Disclaimer: The following is for information purposes only. Removing any safety device from your car can compromise the car's occupants' safety. No warranties, expressed or implied, are given regarding the validity or legality of this information and the effect using it may have on your car. Perform the task described AT YOUR OWN RISK.
Working with airbag modules is DANGEROUS. If you live in dry, staticy conditions, be especially careful, since the module can be deployed with a fairly small electrical pulse. You should always disconnect the battery (after first disabling any radio-based security systems, or recording the recovery codes) before attempting any of these modifications.
The other day I asked the list how to remove the passenger airbag. I got a couple of helpful responses but nobody seems to have done it themselves. Behold, therefore, the first do-it-yourself guide to passenger airbag removal from Miatas. My car is a US-spec '96; applicability to all other variations of the car may vary.
1. Remove the glove box. There are two Philips screws holding the glovebox to its support rail. Remove them, unlatch the glove box, and it will lift away in your hands.
2. Disconnect the safety connector. Behind where the glove box was, you will see a combination orange and blue interlocked connector. The orange half comes off first, followed by the blue. Make sure none of the four ends of the connectors (but especially the blue one running up to the airbag) come into contact with anything that might be holding an electrical charge, such as a capacitor for your radio or a backup battery for your alarm.
3. Using a 12mm socket and extension, remove the four bolts holding the module in place. These are oriented vertically and can be seen by putting your head and shoulders in the passenger footwell, and looking up. You shouldn't need a long extension, no more than three inches is fine.
4. With the bolts removed, the module will move freely in its cradle, to a point. There is a small plastic clip holding the detonation cable in place at the back of the airbag module's cradle in the dash. Move the module out two or three inches, then use a long flat-head screwdriver to reach in and depress the retaining tab with one hand. Using your other hand, reach up from the glove box cavity to manipulate the plastic clip out of its mounting hole.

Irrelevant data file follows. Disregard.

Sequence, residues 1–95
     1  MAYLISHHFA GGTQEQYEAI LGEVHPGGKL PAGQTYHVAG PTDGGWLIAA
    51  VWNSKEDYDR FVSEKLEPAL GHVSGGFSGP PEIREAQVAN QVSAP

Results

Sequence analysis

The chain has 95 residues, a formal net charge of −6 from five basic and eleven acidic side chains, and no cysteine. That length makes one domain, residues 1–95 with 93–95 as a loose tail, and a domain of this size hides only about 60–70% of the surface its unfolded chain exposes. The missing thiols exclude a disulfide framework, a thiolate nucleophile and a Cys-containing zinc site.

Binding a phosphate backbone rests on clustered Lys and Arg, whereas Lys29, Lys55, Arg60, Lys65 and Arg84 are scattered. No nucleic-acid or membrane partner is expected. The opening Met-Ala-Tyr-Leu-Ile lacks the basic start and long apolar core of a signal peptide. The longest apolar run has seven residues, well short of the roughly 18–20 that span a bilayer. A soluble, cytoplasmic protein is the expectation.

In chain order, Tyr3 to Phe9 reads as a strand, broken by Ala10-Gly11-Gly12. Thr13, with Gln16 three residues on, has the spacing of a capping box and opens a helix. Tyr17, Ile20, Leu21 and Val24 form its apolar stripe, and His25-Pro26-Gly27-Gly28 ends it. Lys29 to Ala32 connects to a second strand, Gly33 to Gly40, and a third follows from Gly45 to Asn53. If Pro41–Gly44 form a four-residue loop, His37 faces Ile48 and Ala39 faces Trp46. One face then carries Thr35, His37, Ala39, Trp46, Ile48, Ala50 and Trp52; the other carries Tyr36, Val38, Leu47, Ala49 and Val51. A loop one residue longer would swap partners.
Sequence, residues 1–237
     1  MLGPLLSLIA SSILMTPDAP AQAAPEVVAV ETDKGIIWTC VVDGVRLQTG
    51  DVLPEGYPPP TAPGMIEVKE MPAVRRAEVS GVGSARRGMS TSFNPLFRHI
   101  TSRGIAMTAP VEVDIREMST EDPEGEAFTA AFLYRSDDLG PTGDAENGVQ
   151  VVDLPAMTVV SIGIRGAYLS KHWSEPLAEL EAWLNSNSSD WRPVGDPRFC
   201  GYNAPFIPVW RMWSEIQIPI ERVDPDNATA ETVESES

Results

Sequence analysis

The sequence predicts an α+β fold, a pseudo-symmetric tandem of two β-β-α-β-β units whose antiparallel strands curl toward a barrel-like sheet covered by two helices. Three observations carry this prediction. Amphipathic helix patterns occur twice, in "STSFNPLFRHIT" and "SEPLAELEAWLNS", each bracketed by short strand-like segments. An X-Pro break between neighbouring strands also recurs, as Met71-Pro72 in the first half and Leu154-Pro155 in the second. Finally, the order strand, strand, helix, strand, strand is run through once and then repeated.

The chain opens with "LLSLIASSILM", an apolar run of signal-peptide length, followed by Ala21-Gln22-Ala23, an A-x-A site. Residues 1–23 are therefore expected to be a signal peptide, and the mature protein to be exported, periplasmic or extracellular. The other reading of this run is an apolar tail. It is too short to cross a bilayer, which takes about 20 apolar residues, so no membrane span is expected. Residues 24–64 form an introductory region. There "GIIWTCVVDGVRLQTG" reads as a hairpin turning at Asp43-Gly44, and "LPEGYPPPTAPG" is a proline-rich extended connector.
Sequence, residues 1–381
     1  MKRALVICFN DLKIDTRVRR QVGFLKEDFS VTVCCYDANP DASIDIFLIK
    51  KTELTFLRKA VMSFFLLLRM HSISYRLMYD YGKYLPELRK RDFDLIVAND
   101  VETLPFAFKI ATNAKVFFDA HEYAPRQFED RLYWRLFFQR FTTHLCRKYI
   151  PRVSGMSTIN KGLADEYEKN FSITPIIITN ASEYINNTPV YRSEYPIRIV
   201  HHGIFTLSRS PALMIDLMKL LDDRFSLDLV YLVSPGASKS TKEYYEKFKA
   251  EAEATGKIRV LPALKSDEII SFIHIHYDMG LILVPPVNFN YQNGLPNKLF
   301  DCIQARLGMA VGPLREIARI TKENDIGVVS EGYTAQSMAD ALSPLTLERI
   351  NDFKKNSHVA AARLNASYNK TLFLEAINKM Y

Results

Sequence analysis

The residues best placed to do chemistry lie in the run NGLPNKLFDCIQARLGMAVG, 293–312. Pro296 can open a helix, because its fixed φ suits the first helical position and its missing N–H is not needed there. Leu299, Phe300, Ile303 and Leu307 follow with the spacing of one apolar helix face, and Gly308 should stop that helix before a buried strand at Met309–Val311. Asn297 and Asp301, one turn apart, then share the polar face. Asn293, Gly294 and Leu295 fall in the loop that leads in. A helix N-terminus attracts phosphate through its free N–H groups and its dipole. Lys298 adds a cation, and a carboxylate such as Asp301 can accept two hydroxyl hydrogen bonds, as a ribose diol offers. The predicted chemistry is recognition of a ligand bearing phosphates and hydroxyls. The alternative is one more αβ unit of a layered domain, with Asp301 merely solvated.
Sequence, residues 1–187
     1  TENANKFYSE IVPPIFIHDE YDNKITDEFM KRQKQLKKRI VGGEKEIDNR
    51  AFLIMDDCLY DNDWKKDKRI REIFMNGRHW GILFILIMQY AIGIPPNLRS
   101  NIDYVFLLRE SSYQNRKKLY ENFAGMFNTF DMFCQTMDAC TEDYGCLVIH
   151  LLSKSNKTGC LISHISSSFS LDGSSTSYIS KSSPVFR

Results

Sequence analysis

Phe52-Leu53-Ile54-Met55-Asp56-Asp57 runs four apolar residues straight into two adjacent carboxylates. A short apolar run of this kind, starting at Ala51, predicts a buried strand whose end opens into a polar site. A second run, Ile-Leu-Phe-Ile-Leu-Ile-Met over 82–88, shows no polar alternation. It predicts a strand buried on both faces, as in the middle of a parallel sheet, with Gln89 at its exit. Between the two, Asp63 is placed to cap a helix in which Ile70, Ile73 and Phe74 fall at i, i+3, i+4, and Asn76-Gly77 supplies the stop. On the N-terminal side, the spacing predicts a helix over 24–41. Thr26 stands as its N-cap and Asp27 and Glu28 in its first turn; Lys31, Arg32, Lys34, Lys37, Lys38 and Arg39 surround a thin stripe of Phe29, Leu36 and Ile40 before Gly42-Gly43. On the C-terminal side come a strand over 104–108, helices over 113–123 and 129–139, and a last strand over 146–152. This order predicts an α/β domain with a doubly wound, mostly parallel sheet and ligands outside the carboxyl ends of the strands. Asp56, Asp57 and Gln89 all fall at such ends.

5. Feed the detonation cable up into the module's cradle area.
6. Carefully lift the module out of its cradle. When handling airbag modules, always hold them so that the exterior trim plate faces away from you. That way, in the event of a detonation, you will be less likely to be injured.
7. Reconnect the orange half of the connector to reactivate your horn.
8. It is likely that your airbag computer will be having hysterics by now, wondering where its baby has gone. Information in the archives varies, but on my car a 3 ohm, 1/4 watt resistor connected across the two leads in the blue connector running back into the car will fool the computer into thinking the airbag module is still there.
Note: do *NOT* try to measure the necessary resistance by putting an ohm-meter across the airbag module itself!!! This will very likely detonate the module, possibly causing extensive personal and property damage.
If the 3 ohm, 1/4W resistor doesn't work, you can figure out what size is needed by using a potentiometer (pot). Set it to zero, hook it up to the two leads running back to the airbag computer, turn on the car's ignition so you can see the Air Bag light blink in the instrument panel, and start turning up the pot. Once you turn it enough that the light goes out, stop, and measure the resistance across the pot with an ohm-meter. Buy a resistor of the indicated resistance. 1/4 watt will be fine.
You will now have a big gaping hole in your dash, measuring approximately 7.5" deep by 13" wide by 4" high, all at their maximum positions. This is plenty big enough for a variety of things--use your imagination!
I am going to investigate what's involved in getting the trim panel off the airbag module. If that proves to be unworkable, there is a part available in Canada to cover the hole--some Canadian cars have the cradle but no airbag. Be advised that the part will likely cost you over US$200. From the archives:
> Anyway, the part number is NA8257K7YC-00, and the price is
> (~$200 US).
I am withholding the author's name since I don't know if (s)he wants to be mentioned in this kind of article, but I am grateful for the research nonetheless.
Anyway, once you've put whatever you want to put there, replace the glove box, fit the new or modified trim panel, and you're all done.
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10 December, 1998